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Introduction

 

In the last few centuries, and in particular since the Industrial Revolution in the late 18th century, scientific and technological advancements have been considerable.  Man has exploited and used mineral resources such as metals, coal, asbestos, oil and many others  but all this activity has started to have negative effects on the environment.

 

Industrialisation caused urbanisation and the expansion of towns and cities to mega-cities, with tens of millions of inhabitants.  The extraction of minerals created big scars on the Earth’s surface as well as large waste dumps and the use of chemicals such as DDT, has caused serious diseases. The burning of fossil fuels such as coal and oil has caused atmospheric pollution as well as climatic changes, also known as the ‘greenhouse effect’.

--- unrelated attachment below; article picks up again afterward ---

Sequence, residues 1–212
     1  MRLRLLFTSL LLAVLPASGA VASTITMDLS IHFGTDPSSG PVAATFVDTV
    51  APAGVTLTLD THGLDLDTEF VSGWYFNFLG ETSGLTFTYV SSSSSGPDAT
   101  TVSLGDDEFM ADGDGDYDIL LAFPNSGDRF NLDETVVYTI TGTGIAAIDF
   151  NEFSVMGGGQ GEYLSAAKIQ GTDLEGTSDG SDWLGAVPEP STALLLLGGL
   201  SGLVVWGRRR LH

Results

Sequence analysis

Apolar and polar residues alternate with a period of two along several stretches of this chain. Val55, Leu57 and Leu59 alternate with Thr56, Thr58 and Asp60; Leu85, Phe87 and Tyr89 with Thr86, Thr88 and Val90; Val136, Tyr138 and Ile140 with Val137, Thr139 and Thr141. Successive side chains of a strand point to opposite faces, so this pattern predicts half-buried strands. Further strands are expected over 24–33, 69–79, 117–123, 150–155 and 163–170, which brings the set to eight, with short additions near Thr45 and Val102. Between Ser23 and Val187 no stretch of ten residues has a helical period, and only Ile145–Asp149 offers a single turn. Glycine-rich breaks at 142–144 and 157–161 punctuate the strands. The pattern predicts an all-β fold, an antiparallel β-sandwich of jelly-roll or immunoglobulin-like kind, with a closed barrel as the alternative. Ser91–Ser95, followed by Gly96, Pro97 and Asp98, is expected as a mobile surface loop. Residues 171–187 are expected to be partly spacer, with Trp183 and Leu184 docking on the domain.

All these negative effects, which happened in the name of progress and development, were not of much concern until the 1980s. Reaction to the negative effects on the environment started only when it was realised that they were also seriously affecting quality of life. In order to minimise further negative developments, it became necessary to predict and assess the impacts on the environment and propose measures of mitigation of these impacts or even prevent certain activities if the impacts were predicted to be catastrophic. For developments that have already taken place, measures have been taken to alleviate the negative impacts on the environment.

 

 

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